Pope Francis condemns terror attack on Quebec mosque

Pope Francis talks to archbishop of Quebec, Cardinal Gerald LaCroix, as they meet at the Santa Marta residence, at the Vatican Monday, Jan. 30, 2017. (L'Osservatore Romano/Pool Photo via AP)

Pope Francis has “firmly condemned” the terrorist attack on a mosque in Quebec City last evening. He prayed for the six dead and eight wounded and emphasized “the importance that Christians and Muslims remain all united in prayer in such moments,” the Vatican stated today.

He expressed his condolences for all the victims in a message to the cardinal-archbishop of Quebec, Gerald Cyprien Lacroix, who happened to be in Rome. The Vatican said he spent some time with the cardinal after Mass at Santa Marta this morning. The pope “assured him of his prayers for the victims” of this attack and “underlined the importance of Christians and Muslims being all united together in prayer in such times.” The cardinal returned to Canada immediately after meeting Francis.

Advertisement

In his message, which the Vatican released this afternoon, Pope Francis “entrusted to the mercy of God the persons who had lost their lives” and “associated himself in prayer in the suffering of those close to them.” He expressed his “deep sympathy for those injured and for their families” and prayed, too, for all who are assisting them, asking the Lord to grant them “comfort and consolation in this trial.”

He “firmly condemned yet again the violence that causes such suffering, and implored God for the gift of mutual respect and peace,” and, at the same time, he invoked God’s blessing “on all those touched by this dramatic situation and on all the people of Quebec.”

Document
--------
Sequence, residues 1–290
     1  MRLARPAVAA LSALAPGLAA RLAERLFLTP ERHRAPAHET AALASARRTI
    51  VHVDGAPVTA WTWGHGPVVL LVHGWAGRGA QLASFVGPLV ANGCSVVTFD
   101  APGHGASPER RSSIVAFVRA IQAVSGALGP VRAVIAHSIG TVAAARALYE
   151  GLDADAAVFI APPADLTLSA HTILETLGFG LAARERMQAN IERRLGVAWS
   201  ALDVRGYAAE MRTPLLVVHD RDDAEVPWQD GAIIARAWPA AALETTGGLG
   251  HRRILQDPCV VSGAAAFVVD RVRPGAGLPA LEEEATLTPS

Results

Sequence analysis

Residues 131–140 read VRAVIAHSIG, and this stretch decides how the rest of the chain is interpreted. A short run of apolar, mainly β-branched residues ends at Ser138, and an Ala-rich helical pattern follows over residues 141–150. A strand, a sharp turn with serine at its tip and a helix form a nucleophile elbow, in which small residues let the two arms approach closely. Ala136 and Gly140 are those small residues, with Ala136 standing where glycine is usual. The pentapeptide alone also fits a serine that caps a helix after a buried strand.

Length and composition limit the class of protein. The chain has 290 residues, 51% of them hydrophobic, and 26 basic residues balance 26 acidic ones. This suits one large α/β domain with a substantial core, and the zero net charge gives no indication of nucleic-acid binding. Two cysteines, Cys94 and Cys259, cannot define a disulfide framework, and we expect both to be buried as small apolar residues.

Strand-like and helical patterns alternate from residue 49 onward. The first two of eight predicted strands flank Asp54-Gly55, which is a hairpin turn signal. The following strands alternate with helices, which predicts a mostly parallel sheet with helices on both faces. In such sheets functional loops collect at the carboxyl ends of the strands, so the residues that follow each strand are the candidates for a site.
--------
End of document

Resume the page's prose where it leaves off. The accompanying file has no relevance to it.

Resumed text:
For its part, the Pontifical Council for Interreligious Dialogue—which conducts the Vatican’s relations with Muslim organizations worldwide—also “firmly condemned this act of unprecedented violence.” In a press statement it expressed “profound sadness and indignation of this ferocious attack against Muslim believers who were gathered in prayer in their place of worship in Quebec City.” It denounced this “senseless act” for having “violated the sacredness of human life and the respect due to a community in prayer, as well as the place of worship which welcomed them.” It concluded by extending its “full solidarity to the Muslims of Canada, and assured them of its fervent prayers for the victims and their families.”

Comments are automatically closed two weeks after an article's initial publication. See our comments policy for more.

Advertisement

The latest from america

Native American protestors hold hands with parishioner Nathanial Hall, right, during a group prayer outside the Catholic Diocese of Covington on Jan. 22, 2019, in Covington, Ky. (AP Photo/John Minchillo)
The furor over a chance meeting between Catholic high school students and Native American protesters underscores the need to listen and learn from indigenous voices.
Marlene LangJanuary 23, 2019
The staggering parliamentary defeat for Prime Minister Theresa May, seen here leaving 10 Downing Street on Jan. 23, pushed the country even further from safe dry land. (AP Photo/Alastair Grant)
After the stunning defeat of Theresa May's exit deal, Scotland is looking anew at independence, and the U.K. government fears economic disaster.
David StewartJanuary 23, 2019
Michael Osborne, a film director, documents the damage from a mud slide next to his home in Los Angeles on Jan. 18, after three days of heavy rain. (AP Photo/Damian Dovarganes)
The conceit of California-as-disaster-movie is ridiculous. But maybe watching our fires and mudslides helps other states consider both their own fragility and their underlying strength.
Jim McDermottJanuary 23, 2019
A commitment to religious liberty demands that effort be devoted to resolving, rather than exacerbating, any real or apparent tension between religious obligation and civil duty.
The EditorsJanuary 23, 2019